Shelving 35mm film for a while
I’m taking a hiatus from shooting 35mm film, so I thought I’d share some notes about why.
My use of 35mm film has been driven more by my love of the cameras than by the results I’m getting.
I’m indoors most of the time and even though many film photographers seem to make wonderful photos with the slower speed of film, mine just end up badly-exposed or motion-blurred. I can pretend they’re “art” but if I’m honest they’re just crappy images.
I’ve been carrying the Fuji X-Pro2 or X–100T instead of the Leicas and the results are simply better. This doesn’t mean I won’t allow myself to put a roll through the Leica now and then, but I’m not going to be carrying one regularly.
Shooting, processing, and scanning 36 exposures on the off chance there’s a usable image or two in there has become less interesting. I enjoy the process, but the results have been meh. I tend to give film images the benefit of the doubt simply because they’re film images and that’s not the proper way to judge them.
With medium format, I still love the cameras and, more importantly, the results are better. I often like every image on a roll of 12 6×6 photos from the Hasselblad. This is probably because with medium format I’m deliberately trying to create an image rather than just snapping stuff at random and hoping for the best.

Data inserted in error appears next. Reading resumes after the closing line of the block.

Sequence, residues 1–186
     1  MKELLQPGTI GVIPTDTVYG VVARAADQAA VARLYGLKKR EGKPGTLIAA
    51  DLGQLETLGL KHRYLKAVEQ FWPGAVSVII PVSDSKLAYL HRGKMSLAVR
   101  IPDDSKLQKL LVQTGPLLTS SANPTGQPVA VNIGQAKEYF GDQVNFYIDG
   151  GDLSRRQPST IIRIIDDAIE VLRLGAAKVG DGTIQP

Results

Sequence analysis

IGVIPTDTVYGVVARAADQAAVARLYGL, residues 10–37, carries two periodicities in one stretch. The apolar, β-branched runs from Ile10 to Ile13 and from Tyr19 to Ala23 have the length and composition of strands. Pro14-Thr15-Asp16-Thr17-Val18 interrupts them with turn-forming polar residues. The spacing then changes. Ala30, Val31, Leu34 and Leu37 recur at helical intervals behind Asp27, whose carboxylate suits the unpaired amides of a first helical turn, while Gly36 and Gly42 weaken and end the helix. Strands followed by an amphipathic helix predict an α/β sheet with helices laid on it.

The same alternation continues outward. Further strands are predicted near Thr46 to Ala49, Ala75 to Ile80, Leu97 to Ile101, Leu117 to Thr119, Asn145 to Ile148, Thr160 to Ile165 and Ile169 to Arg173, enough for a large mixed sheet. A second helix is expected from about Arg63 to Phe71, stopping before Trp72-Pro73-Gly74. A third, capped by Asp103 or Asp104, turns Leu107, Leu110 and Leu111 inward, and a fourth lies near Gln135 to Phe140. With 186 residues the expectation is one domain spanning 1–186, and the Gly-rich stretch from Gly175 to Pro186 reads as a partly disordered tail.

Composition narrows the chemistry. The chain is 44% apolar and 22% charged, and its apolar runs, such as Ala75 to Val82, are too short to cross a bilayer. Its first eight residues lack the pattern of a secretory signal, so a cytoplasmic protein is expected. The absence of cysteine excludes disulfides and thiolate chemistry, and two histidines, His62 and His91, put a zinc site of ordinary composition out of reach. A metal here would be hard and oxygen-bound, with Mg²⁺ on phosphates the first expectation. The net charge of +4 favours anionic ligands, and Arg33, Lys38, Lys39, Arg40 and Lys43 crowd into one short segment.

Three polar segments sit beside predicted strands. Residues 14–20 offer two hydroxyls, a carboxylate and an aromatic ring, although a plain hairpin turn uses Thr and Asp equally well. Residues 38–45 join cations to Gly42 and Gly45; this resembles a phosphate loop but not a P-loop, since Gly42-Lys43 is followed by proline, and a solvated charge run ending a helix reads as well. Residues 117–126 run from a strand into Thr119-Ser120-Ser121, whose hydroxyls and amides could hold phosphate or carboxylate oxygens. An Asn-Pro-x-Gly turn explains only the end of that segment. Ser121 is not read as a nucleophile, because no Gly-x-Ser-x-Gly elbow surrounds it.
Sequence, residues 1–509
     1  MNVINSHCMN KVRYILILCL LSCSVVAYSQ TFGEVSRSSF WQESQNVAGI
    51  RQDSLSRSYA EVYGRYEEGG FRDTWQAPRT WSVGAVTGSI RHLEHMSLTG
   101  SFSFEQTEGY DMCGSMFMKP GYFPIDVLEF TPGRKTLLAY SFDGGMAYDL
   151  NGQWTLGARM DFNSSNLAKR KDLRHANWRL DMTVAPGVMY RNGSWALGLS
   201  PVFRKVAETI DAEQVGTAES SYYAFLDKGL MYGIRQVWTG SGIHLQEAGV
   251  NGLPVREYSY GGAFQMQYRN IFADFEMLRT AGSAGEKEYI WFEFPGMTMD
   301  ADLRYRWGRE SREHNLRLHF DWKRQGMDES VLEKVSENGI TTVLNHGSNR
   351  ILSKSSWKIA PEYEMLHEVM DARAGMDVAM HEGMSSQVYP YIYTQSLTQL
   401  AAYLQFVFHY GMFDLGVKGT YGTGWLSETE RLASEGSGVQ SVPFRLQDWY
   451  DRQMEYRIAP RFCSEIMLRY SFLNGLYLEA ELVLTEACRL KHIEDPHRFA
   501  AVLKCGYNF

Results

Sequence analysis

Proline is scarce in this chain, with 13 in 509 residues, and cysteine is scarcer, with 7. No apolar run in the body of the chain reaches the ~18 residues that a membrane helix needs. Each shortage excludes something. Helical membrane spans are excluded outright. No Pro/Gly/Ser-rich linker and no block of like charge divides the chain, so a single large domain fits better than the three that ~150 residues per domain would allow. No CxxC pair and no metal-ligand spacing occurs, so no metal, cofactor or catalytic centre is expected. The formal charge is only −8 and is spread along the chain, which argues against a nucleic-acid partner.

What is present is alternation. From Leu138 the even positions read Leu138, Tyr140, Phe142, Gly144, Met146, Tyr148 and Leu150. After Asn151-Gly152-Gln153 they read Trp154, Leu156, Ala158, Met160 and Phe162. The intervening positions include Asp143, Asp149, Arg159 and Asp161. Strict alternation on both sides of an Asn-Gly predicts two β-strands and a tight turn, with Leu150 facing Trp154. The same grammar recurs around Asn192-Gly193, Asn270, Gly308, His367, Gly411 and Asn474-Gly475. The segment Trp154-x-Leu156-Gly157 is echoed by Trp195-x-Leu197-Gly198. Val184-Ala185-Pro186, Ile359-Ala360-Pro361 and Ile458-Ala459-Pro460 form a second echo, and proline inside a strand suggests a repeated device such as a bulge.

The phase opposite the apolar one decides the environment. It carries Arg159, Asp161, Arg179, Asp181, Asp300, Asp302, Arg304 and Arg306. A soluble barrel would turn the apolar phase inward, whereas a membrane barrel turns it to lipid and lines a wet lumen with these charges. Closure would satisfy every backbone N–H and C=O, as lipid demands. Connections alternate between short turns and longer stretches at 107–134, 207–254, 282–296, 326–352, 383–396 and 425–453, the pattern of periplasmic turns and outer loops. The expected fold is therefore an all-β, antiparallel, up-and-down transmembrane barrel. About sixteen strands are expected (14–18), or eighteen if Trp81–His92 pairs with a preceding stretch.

The larger negatives are easier to scan, easier to enlarge in the darkroom, easier to handle, and easier to view. I love that a contact sheet of 6×6 negatives works standalone as something that can be hung and appreciated as-is. I also like making contact prints from 4×5 negatives on 5×7 paper.
And of course the resolution is much greater, if you’re into that sort of thing.
So, this coming year I’ll shoot digital for every day snapshots and reserve medium and large format film for when I want to “make photographs”. I’d like to take lots of portraits using the larger formats. Maybe I’ll get ambitious and actually ask people to sit for me.
It’s an experiment.